When a pit bull mauls a child or another dog, it makes the news, but many questions are left unanswered after the brutal incident. Are pit bulls in fact more dangerous than other dogs? Can pit bulls be banned? Was the dog's owner punished?
"Pit bull" is a common term used for a number of dog breeds, such as an American Staffordshire terrier or Staffordshire bull terrier. Pit bulls are no more temperamental than any other dog, Atlanta animal behaviorist Faye Owen said. A tiny "ankle-biter" could be just as mean, but the pit will hit the headlines because it packs a bigger bite.
"They do more damage," Owen said.
Temperament is based on genetics and socialization, she said.
"Six to 16 weeks old is the key period to introduce dogs to what they will encounter in life - such as children, people on skateboards," Owen said.
If they are not socialized in that time period, and/or if they are mistreated, an attack is usually motivated by fear due to a loss of socialization, Owen said.
But other breeds also have a dangerous bite. Why do pit bulls always hoard the headlines?
Because they, as well as Rottweilers, have a higher arousal level and a high pain threshold, Owen said.
"So when they go into attack, they are determined to carry on," she said. "A lab might back off."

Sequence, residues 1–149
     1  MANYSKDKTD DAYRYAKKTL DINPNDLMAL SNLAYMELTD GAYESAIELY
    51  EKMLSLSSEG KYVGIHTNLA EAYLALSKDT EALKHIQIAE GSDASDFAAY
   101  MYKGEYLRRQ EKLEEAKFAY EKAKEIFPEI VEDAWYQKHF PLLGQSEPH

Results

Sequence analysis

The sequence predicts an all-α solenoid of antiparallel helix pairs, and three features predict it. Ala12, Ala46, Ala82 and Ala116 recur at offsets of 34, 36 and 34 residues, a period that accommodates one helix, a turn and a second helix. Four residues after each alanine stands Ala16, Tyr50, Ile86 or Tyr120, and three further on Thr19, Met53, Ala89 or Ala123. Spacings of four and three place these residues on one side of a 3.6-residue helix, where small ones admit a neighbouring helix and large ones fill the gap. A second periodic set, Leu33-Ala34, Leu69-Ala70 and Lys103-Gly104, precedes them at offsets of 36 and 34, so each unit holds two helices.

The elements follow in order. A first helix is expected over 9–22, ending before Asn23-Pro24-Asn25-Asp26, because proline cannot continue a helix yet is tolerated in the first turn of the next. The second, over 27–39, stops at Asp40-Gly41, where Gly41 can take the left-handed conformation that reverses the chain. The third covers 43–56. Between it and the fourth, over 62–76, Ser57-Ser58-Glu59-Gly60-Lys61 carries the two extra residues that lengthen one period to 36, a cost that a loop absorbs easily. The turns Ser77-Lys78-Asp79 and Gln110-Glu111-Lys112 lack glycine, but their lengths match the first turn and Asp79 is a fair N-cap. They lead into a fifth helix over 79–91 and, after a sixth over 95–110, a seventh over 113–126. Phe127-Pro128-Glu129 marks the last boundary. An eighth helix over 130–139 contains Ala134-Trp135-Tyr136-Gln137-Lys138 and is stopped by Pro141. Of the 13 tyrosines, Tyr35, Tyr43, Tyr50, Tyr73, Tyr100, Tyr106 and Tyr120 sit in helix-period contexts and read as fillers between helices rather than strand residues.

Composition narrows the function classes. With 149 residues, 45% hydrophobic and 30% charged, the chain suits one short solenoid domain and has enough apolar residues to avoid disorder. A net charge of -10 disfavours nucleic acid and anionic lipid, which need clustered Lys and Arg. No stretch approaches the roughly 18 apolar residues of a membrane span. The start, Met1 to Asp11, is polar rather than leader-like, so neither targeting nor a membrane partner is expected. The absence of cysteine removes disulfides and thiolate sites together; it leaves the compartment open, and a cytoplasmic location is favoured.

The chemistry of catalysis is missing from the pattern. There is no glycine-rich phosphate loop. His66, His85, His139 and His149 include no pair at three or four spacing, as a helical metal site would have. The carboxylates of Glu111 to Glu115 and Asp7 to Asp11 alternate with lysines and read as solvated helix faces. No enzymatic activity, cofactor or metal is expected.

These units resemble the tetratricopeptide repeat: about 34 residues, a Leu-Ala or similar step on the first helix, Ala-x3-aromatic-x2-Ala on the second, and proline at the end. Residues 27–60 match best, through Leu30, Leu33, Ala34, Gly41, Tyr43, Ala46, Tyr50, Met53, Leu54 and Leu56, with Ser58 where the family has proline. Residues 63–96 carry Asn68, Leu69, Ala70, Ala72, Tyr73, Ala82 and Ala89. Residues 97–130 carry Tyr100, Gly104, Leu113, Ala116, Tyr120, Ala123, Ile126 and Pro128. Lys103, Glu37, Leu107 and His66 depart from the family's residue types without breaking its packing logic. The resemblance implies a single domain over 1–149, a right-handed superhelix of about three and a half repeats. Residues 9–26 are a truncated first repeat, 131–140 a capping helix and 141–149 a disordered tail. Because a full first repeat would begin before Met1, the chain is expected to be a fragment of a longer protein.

That is perhaps why many people find the dogs dangerous, or even vicious - enough so to ban them from certain municipalities.
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A number of governments across the country are implementing breed-specific legislation.
In Miami-Dade County, Fla., it is illegal to own or keep pit bull breeds.
"There is a $500 fine for acquiring or keeping a pit bull dog and court action to force the removal of the animal from Miami-Dade County," the ordinance states.
The city of Maumelle, Ark., has also banned pit bulls.
The city of Marietta, in April 2007, passed an ordinance prohibiting pit bulls and Rottweilers from being in dog parks and off-leash areas.
Cobb County government does not have any restrictions on pit bulls. Last fall, after pit bulls killed one man's three dogs, county commissioners asked for a review of animal control ordinances, to see if stronger punishments are possible against the owners.
"We have unfortunately not found any ordinances that assist the situation," Chairman Sam Olens said. "As dogs sometimes fight with each other for other reasons, we are still struggling with the issue."
Even People for the Ethical Treatment of Animals supports pit-bull bans and the outlawing of pit-bull breeding. According to a position piece on PETA's Web site: "Legislatures across the country are increasingly seeking to ban pit bulls in an effort to crack down on dog fighting and prevent attacks by pit bulls. PETA supports legislation that bans the breeding of pit bulls, just as we support any spay/neuter legislation as the most effective way to combat the tragic companion animal overpopulation problem. We also support pit bull bans, as long as they include a grandfather clause allowing all living dogs who are already in good homes and well cared for to live the remainder of their lives safely and peacefully."